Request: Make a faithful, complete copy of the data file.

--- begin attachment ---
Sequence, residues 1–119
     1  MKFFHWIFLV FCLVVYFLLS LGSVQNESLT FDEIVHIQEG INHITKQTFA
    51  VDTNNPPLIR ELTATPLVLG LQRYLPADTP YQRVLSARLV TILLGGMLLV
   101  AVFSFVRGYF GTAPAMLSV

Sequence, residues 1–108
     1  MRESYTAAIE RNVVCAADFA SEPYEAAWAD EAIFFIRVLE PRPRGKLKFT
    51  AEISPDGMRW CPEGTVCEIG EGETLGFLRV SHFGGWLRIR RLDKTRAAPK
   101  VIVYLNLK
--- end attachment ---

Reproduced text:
Sequence, residues 1–119
     1  MKFFHWIFLV FCLVVYFLLS LGSVQNESLT FDEIVHIQEG INHITKQTFA
    51  VDTNNPPLIR ELTATPLVLG LQRYLPADTP YQRVLSARLV TILLGGMLLV
   101  AVFSFVRGYF GTAPAMLSV

Sequence, residues 1–108
     1  MRESYTAAIE RNVVCAADFA SEPYEAAWAD EAIFFIRVLE PRPRGKLKFT
    51  AEISPDGMRW CPEGTVCEIG EGETLGFLRV SHFGGWLRIR RLDKTRAAPK
   101  VIVYLNLK